Monday, 7 February 2011


Comedy has huge potential for brands, not least because of its power as social currency.  The question is, are brands making the most of this potential through sponsorship and if not what could a more socially-supercharged comedy platform look like and deliver?

Historically, brands have looked down upon comedy like it’s the dark arts.  The black sheep of the sponsorship flock.  Underground, unpredictable and grungy, not polished, planned and professional like sport or even music.  Interesting then, that over the last 18 months we’ve seen big brands including mobile phone operator 3, Innocent Drinks and Fosters shift sponsorship budget out of sport and music and into comedy.  Here they find loyal audiences, cost-effective access to talent and the opportunity to show they don’t take life too seriously.  And that’s not all.  Comedy isn’t just good entertainment.  It’s great social currency.   In a world where the right kind of content is shared more quickly and easily than ever before, comedy has massive ‘share value’.   Here lies the opportunity to get so much more from comedy sponsorship than awareness that lacks value, PR that lacks relevance and live experiences that lack reach.   

When you embrace the fact that there are hundreds of thousands of comedy fans out there, active across the social web, you open up a new dimension to sponsorship activation.  Online communities give you great insight into what fans want and the cost-effective channel through which to give it to them, thanks to the social web’s built in advocacy-button.  To get the true potential out of comedy, the first question has got to be, what do comedy fans really want

By tapping into live forums and social networks we can listen to the natural banter that runs through communities of everyone from comedy connoisseurs to everyday people who love to laugh (aren’t we all fans of comedy in some form or other?).  One thing rings loud and true.  People love live comedy and they want more of it.  How often have you heard someone say, ‘We went to a comedy gig last night.  Never heard of most of them but it was bloody brilliant.  Don’t know why we don’t do it more’? 

Where there’s desire, there’s opportunity to add value.  And it’s the stuff that’s valued that gets shared and remembered.  If we were a brand engaged in comedy sponsorship or thinking about it, we would set out to become the hosts and facilitators of the most active comedy community.  Nike boast the world’s largest running community.  It works because the fan base is there and the opportunity to add value is broad, varied and long term, from soundtracks to crowd sourced runs to product purchase.  This is not a dip in and out activation.  It’s a longterm relationship.  Running fans will love running til their knees give out, just like comedy fans will always want to laugh.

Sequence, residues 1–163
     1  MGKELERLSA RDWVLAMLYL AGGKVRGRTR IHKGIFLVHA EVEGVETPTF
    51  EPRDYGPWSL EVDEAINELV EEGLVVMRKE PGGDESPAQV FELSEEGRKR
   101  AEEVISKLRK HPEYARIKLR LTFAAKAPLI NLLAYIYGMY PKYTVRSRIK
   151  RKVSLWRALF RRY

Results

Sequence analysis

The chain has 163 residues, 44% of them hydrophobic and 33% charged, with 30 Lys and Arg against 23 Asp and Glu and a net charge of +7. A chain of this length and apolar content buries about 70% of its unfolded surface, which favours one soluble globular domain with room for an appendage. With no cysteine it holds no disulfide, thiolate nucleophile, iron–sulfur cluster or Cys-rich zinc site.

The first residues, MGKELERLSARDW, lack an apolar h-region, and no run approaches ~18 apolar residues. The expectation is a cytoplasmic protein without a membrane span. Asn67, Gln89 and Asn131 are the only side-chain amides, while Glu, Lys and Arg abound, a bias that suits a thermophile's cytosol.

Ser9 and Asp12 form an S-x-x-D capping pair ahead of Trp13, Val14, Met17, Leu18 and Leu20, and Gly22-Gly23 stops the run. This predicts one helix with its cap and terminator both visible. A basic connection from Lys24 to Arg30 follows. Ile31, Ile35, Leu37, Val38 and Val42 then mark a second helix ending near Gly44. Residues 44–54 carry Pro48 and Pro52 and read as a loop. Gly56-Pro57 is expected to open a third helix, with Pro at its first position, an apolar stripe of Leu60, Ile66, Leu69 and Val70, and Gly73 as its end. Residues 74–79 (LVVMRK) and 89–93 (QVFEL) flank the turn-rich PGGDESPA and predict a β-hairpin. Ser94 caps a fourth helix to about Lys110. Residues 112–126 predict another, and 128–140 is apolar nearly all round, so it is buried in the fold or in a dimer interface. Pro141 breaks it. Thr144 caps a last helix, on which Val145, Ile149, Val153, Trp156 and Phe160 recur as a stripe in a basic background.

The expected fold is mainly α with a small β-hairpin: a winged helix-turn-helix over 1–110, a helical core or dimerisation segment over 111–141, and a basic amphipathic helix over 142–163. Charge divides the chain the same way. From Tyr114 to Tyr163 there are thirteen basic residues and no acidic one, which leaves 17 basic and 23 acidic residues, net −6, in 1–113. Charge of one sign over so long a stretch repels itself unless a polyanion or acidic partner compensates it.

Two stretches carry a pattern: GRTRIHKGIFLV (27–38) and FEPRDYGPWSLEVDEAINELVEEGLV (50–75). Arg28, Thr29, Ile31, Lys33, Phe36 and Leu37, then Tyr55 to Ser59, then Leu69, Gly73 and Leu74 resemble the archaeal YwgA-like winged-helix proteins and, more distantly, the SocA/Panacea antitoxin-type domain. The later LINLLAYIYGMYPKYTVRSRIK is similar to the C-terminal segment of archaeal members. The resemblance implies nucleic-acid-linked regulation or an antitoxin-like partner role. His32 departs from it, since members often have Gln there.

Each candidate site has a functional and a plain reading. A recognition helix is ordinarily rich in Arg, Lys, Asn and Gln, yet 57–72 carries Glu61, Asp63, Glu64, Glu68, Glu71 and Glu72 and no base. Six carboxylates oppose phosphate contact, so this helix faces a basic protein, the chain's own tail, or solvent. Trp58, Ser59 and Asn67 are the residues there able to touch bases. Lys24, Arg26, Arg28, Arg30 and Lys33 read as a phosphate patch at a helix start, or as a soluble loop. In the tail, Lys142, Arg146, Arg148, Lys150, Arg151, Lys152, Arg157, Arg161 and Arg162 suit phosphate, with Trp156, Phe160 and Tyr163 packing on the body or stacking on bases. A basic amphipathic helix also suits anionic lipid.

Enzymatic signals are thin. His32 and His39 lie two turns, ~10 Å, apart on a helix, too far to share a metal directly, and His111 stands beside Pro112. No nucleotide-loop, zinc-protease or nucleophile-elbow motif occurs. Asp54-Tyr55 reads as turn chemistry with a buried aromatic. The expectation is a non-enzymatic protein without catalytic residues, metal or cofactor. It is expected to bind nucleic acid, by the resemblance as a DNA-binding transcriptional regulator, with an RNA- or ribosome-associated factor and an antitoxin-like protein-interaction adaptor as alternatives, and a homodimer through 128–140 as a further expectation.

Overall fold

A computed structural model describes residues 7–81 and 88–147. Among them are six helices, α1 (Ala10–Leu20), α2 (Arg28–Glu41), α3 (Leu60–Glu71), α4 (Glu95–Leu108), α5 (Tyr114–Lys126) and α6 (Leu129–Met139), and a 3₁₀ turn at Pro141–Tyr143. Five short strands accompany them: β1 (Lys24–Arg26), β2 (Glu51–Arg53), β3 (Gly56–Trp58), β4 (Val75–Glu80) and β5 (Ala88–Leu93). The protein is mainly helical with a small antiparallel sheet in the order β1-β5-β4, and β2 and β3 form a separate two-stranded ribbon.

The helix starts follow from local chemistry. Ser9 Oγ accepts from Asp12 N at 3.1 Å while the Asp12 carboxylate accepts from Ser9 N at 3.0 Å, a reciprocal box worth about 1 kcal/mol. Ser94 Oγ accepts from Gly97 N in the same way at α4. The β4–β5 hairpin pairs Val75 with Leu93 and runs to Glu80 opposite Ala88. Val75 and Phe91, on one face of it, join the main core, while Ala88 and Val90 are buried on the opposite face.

So, what would our Comedy Club look like and how would Brand X benefit?   Comedy Club would host the best of the best in live comedy content and give members access to an ongoing and ever-evolving calendar of live gigs, from up-and-coming talent at your local pub to Alan Partridge at the MENA.  Members would earn ‘Smile Miles’ when they shared their favorite content.  Smile Miles would act as live event credits, a kind of Comedy Currency.  On average, people share content with 66 others, so Comedy Club would grow and grow.  Brand X would support grass roots by rewarding the most shared talent with their own gigs.  Comedy Club would always lead with the best content as voted by the people, so quality of content would always be high. 

This is a platform built on audience insight first, not sponsorship opportunity.  Comedy Club would be fed by a number of sponsorship deals and associations with Brand X’s pick of new talent, big talent, venues and ticket sellers.  It’s hard not to point how incredibly appropriate Comedy Club would be as a footfall driver to pubs and bars, the natural home of easy-access live gigs.

Comedy Club is an example of what a more ‘social approach’ to sponsorship can look like.  It shows how a layer of real value that is often missing from traditional sponsorship activation can be created and how choice of assets should be driven by concept, not vice versa.

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